Seven years ago, the Tory-Lib Dem coalition axed the new hospital in my area, and the North Tees and Hartlepool Hospitals NHS Foundation Trust has been forced to make do in an area where health inequalities are a major issue. Don’t get me wrong, the trust does a good job but in very difficult circumstances. The capital spending cuts across the Parliament and the £5 billion shortfall in NHS maintenance means there is no hope of our Teesside people being provided with the same facilities enjoyed elsewhere. Our people need to be healthy if we are to make our way confidently in the world, and that includes being mentally healthy. But we know people are not getting the support they need, and I illustrated that when I raised a constituent’s case at Prime Minister’s questions. The Prime Minister said she would “take up” the case, but she passed the buck to the Health Secretary and I am still waiting for a reply.
The Chancellor did mention social care, and I remember the Tory cheers when he announced £2 billion extra—and then the rather pale faces opposite when they realised they had been had and it was not per year, but spread over several years. They have also been had on the whopping great tax increases on self-employed people, 2,600 of whom live in my constituency. I wonder how many more will put up with this manifesto betrayal. Another tax is to be increased, with probate fees set to rise from a flat rate charge of as little as £155 to a minimum of £300 and as much as £20,000—that is a nice little earner from the Tories’ very own and very real death tax.
There was some good news with the announcement of £500 million for further education, but we should not forget that it replaces less than a third of the money taken away since 2010. The scheme to merge colleges across the country is in tatters and, after a year of talks, in the Tees area the proposals are falling apart and one of the colleges in Redcar is going bust. Now that mergers are collapsing, not just in the north-east, but across the country, what will happen to that cash? Will it be invested in our young people or will it just be swallowed up by the Treasury?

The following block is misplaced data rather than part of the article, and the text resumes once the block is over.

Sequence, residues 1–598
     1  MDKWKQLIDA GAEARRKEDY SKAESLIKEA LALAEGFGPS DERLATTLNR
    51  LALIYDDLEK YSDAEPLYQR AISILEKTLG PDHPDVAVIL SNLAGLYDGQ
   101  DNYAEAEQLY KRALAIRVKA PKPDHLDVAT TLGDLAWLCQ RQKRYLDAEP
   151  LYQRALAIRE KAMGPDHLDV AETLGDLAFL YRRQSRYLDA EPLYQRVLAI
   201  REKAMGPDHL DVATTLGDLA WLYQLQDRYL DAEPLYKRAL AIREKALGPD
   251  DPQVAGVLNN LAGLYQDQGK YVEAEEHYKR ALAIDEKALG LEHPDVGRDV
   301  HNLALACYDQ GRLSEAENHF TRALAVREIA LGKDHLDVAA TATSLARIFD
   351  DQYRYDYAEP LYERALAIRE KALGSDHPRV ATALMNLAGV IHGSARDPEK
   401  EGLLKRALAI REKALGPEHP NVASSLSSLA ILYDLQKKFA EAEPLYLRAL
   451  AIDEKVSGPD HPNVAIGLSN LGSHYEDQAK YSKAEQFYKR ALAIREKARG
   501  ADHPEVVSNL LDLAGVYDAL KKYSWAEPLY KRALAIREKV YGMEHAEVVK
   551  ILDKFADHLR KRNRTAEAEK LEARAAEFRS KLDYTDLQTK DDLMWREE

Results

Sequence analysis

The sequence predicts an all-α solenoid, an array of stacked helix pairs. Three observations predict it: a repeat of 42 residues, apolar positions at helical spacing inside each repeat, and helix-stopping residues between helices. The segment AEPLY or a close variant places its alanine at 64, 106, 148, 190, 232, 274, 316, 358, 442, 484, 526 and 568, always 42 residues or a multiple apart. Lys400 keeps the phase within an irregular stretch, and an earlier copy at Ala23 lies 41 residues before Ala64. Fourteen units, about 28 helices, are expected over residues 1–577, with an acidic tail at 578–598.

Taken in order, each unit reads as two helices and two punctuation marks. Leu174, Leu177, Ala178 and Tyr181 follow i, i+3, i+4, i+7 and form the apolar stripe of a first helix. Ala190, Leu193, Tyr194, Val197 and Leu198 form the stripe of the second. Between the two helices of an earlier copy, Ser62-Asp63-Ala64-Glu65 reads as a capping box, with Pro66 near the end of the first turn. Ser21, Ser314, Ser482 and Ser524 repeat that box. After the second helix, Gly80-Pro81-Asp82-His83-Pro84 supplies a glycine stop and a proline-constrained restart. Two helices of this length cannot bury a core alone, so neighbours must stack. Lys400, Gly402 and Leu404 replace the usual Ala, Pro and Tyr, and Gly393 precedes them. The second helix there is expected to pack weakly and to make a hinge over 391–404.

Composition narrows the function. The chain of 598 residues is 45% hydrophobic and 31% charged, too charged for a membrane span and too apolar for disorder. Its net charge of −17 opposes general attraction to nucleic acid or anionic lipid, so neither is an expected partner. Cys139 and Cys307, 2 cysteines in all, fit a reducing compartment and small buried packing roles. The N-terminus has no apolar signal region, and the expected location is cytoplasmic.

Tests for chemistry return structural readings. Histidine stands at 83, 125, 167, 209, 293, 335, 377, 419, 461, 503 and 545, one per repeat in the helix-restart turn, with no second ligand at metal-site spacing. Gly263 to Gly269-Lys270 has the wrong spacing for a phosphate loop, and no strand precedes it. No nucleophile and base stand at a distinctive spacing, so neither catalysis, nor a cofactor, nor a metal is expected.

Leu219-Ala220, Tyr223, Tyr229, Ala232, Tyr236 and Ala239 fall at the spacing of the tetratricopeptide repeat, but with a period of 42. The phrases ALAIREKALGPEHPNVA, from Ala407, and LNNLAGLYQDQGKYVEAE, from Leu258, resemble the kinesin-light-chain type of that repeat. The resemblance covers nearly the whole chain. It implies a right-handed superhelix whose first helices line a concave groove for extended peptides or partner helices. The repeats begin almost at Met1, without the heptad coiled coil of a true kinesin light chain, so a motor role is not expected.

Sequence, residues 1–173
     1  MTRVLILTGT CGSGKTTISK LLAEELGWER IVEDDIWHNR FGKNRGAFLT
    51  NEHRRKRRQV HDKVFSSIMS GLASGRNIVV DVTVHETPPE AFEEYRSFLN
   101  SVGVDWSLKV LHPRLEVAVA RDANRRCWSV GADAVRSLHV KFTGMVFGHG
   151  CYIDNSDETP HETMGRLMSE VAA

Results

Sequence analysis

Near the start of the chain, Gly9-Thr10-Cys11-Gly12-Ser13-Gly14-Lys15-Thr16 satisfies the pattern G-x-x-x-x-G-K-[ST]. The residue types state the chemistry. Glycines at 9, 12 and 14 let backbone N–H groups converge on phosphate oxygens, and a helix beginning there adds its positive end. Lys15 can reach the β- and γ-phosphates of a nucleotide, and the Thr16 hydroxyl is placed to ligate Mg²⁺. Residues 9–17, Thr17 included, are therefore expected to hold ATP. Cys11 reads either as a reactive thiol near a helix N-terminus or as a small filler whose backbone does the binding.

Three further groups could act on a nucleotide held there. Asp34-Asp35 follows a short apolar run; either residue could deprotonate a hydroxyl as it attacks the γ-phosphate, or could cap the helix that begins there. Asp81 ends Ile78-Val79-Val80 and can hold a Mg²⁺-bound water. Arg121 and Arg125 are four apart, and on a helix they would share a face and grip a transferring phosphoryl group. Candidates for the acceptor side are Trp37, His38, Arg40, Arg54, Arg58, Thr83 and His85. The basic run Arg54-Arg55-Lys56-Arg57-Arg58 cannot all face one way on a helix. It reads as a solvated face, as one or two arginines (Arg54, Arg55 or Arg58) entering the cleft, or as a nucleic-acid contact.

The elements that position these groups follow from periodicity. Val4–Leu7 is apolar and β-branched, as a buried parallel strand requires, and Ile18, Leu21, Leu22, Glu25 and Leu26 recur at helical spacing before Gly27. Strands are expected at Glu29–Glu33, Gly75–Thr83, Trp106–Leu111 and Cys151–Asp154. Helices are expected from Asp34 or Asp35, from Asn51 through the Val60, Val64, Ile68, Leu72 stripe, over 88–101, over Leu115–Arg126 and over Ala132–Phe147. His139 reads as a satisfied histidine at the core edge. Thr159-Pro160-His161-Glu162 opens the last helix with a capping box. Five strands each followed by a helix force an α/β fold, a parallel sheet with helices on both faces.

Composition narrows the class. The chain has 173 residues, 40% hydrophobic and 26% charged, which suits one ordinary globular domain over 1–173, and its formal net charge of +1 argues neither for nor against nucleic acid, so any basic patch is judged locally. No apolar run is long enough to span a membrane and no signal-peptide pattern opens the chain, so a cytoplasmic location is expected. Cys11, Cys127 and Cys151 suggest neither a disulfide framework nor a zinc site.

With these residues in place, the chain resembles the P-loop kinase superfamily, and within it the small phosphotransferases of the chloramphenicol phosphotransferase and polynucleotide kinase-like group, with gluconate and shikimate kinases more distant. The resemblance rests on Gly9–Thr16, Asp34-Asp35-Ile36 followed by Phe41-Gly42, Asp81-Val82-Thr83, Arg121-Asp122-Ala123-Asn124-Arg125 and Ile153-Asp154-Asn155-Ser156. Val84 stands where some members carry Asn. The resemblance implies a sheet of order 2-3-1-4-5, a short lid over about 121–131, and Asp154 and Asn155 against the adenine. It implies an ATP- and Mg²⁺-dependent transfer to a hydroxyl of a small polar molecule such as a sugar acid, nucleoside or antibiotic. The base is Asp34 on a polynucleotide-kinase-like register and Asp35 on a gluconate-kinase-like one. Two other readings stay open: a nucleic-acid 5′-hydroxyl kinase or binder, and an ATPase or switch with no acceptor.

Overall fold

Finally, the Chancellor gave us half a smile when he talked about wage growth, but he chose to ignore the public sector workers who have actually faced a real-terms loss of about 10% in wages since 2010. I am talking about the nurses and doctors that look after us when we get ill, the care assistants who look after the elderly and vulnerable day in and day out, and the teachers who are educating the minds of the future. Clearly this Government have no plans at all to help those who put everything into public service in this country, while their wealthy friends face more tax breaks.
If Britain is to maintain its place in the world, rather than end up as some kind of low-wage, backwater economy, we need to invest in our people, our industries and our public services, and keep our people happy and healthy.